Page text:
Out & About …

… on the North York Moors, or wherever I happen to be.

When Houlsyke Ruled the Eskdale Meat Market

Houlsyke has lingered in my thoughts as a subject worthy of a post for some time, a hamlet steeped in history1Houlsyke village NYM HER No: 4615.. Yet, despite its tranquil demeanour, it lacks a photogenic charm. Devoid of a defined centre, bereft of an inn or shop, it comprises merely an assortment of cottages, both old and modern, clinging to the road between Danby and Lealholm, and the ubiquitous line of parked cars.

So I settled for a distant photo of the village across the flat expanse of the Esk valley.

In past times, it once served as the focal point of commerce in Eskdale, experiencing its heyday between 1860 and 1865. The endeavours of two families, the Smiths of James and Joseph lineage, were pivotal in the establishment of a formidable enterprise dealing in pork, lamb, and wool2Burns, Tom Scott. “Round and About The North Yorkshire Moors: A Glimpse of the Past”. Page 11, M.T.D. Rigg Publications. Reprinted 1989..

Vast quantities of salted and cured bacon were transported by horse and cart mainly to Whitby, from where they were shipped south to London. The place where most transactions took place was The Fat Ox inn.

The coming of the railway, initially from Pickering to Grosmont in 1836, facilitated the transportation of substantial shipments to the capital3‘Esk Valley Line’, Wikipedia (Wikimedia Foundation) <https://en.wikipedia.org/wiki/Esk_Valley_line#cite_ref-8> [accessed 29 March 2024]. Nonetheless, a significant portion of trade still found its way to the northern market towns via wagon.

After 1865, the trade experienced a steady decline, because of the importation of foreign pork and the demise of the illustrious Smith families.

When this trade was active, Houlsyke boasted its own Sunday School, village shop, blacksmiths, and joinery. It was bustling with activity, a stark juxtaposition to the placid ambience that now prevails.

  • 1
    Houlsyke village NYM HER No: 4615.
  • 2
    Burns, Tom Scott. “Round and About The North Yorkshire Moors: A Glimpse of the Past”. Page 11, M.T.D. Rigg Publications. Reprinted 1989.
  • 3
    ‘Esk Valley Line’, Wikipedia (Wikimedia Foundation) <https://en.wikipedia.org/wiki/Esk_Valley_line#cite_ref-8> [accessed 29 March 2024]







2 responses to “When Houlsyke Ruled the Eskdale Meat Market”

  1. Martin Smith avatar

    Always interested in where the word “syke” came from as my mother used it in sentences as in ….”and syke” meaning and so on…any ideas? p.s – it would be good if you replied!

    1. Fhithich avatar

      Martin, here a letter I found on my travels around the newspaper archives. It might enlighten you. Turton was lord of the manor of Kildale and well known in historical circles. I’m not sure if the modern thinking is any different.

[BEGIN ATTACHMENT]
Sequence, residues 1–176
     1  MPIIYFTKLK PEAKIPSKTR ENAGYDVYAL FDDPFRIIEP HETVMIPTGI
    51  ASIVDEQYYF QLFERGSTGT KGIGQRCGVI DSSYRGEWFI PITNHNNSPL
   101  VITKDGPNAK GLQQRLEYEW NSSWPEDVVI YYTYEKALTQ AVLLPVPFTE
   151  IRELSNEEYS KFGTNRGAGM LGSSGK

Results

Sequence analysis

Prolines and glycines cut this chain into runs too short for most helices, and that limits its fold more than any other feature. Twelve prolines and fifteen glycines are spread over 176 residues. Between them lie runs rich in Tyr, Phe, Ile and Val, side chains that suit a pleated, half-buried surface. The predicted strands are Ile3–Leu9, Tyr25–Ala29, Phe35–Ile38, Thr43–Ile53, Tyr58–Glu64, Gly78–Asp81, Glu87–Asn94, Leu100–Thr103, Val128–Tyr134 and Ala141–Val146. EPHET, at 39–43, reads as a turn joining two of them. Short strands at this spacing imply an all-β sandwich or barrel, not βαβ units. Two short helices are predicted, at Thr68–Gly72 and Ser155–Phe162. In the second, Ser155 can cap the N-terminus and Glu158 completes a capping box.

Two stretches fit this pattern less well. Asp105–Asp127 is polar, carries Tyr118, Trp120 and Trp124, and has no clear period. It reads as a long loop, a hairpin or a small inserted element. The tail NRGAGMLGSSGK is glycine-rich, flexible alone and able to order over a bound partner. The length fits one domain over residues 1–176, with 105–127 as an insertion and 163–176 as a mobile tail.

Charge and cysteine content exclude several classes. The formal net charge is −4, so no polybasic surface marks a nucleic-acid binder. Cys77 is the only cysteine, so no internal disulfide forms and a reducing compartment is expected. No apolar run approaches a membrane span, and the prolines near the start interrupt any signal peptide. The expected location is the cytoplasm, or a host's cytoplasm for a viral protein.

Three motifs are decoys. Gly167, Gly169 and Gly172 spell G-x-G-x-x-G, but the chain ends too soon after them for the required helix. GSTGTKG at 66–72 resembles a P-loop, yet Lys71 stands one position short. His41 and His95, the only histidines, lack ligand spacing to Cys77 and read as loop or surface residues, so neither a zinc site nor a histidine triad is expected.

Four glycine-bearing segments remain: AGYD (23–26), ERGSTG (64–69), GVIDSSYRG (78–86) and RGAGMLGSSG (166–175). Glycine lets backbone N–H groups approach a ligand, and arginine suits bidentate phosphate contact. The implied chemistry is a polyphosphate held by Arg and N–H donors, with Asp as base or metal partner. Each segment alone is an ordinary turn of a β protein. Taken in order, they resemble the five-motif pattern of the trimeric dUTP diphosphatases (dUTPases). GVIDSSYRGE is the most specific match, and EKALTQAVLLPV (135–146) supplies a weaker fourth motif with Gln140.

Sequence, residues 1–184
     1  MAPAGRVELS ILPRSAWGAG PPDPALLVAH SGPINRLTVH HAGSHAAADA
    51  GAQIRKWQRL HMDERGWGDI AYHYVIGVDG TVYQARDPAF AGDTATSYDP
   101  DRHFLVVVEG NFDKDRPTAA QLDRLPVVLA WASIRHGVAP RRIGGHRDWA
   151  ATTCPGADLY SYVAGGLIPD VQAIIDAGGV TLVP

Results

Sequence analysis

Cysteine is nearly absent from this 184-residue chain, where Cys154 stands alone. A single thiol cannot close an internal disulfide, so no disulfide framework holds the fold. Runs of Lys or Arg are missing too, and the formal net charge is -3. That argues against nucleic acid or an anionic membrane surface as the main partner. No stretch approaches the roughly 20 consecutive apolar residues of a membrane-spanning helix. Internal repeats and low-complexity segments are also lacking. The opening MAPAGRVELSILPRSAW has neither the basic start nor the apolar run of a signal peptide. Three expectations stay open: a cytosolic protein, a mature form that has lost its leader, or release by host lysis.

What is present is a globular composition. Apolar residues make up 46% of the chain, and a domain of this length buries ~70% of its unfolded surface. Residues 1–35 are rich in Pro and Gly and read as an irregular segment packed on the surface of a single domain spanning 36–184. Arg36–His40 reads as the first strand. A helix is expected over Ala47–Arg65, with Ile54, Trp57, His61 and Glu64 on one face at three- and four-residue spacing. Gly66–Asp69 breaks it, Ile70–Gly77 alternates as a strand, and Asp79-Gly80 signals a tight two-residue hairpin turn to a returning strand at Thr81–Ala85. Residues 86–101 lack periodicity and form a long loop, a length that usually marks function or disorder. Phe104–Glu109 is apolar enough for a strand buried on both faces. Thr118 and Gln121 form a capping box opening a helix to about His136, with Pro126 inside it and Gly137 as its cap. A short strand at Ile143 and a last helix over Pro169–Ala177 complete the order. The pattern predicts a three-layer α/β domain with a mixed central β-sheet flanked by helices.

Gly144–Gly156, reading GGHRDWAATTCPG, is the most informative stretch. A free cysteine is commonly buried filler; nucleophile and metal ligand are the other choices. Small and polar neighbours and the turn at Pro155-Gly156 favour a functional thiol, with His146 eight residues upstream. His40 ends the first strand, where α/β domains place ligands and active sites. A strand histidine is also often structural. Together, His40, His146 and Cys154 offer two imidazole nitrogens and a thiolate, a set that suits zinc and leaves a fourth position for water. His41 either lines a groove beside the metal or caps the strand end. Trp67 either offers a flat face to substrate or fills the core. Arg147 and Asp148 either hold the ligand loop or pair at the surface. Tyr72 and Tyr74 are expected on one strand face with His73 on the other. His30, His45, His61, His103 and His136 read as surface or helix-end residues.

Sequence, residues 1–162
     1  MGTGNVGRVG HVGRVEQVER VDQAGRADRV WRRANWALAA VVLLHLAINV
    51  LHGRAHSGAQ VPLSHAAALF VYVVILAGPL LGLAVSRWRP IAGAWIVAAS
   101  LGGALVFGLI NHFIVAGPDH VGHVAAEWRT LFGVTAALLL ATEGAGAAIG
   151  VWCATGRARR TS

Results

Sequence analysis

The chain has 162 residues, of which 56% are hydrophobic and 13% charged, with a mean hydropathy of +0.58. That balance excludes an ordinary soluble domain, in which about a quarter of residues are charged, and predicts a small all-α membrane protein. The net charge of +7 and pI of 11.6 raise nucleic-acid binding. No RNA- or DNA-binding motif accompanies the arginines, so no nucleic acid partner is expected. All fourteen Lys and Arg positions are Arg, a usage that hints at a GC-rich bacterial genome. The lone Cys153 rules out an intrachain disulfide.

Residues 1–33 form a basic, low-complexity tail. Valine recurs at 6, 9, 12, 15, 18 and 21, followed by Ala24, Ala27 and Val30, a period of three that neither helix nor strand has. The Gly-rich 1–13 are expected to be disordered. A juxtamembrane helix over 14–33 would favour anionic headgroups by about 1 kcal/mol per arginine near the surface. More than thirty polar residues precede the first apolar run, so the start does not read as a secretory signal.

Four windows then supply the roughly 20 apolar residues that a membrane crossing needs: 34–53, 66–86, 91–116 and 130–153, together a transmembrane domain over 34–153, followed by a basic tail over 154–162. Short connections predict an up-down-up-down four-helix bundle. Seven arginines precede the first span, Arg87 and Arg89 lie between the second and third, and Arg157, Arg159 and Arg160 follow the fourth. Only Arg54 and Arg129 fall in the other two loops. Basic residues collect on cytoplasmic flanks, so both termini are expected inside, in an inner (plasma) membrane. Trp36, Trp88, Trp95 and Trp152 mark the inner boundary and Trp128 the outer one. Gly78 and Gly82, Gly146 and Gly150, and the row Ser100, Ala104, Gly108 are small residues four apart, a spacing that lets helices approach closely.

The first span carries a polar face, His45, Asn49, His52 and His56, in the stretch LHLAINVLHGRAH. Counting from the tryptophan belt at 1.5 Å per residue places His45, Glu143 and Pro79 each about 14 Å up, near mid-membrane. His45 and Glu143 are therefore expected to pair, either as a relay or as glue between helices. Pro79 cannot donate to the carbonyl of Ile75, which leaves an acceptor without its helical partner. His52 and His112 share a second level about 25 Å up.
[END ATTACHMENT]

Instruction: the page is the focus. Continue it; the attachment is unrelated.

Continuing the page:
To The Editor of the Whitby Gazette. | Whitby Gazette | Friday 09 September 1904 | British Newspaper Archive’. 2023. Britishnewspaperarchive.co.uk <https://www.britishnewspaperarchive.co.uk/viewer/bl/0001103/19040909/106/0006> [accessed 6 January 2023]


      Sir.—In reply to ” Enquirer,” the origin of place-names that have any claim to antiquity must always matter of speculation. Those, however, which he has selected, are not so difficult many others in the district. Danby may be, we were taught in the school-room, the dwelling of the Dane; more probably, as Canon Atkinson, if I remember right, has suggested, it is ” the dwelling of Dane,” a personal name that, appears part of the commoner name. Haldane or Halfdane (see inter alia. “the Saxon Chronicle”). Houlsyke is the syke in the hollow. Every Yorkshireman knows a syke when sees it, but the word is difficult to translate. Perhaps ” rill ” conveys the meaning best, as we generally find “rivulus” in monastic documents to represent it. ” Paddamere lonen ” I know not. ” Lonen ” or ” lonnen,” of course, is lane, and “mere” expresses the boundary or march between two adjacent manors. ” Huckaback ” suggests an ancient industry, until learn that, in 1608, and again in 1847, it is found in ” Haggaback Stone,” or ” Hanging Stone.” Here again, have. I fancy, corruption. There is no ” Hanging stone,” such as occurs not far from Hutton Lowcross. The wood below Huckaback, Sloethorn Park, was apparently called either ” Hinderscogh,” the “Hay (or Yorks’ Hagg, or Hayning Hinderecogh.” or conjecture is that word represented the stone at the Back Hagg, or Hayning Hinderscogh is possibly the wood (Old Noree-skogr), behind some other wood. I use the word ” wood” in a general sense. I cannot discuss here the peculiar and sometimes varying meanings of I* hagg,” “skeugh.” shaw.” etc. “Lumley House ” I do not know, but the Lumley family held lands in Sinnington and Thornton. ” Kalli ” house used, in younger days to be written “Calais” House. I fancy that its name was of purely temporary interest.

      Yours faithfully,
      Robert B. Turton.
      Kildale Hall.

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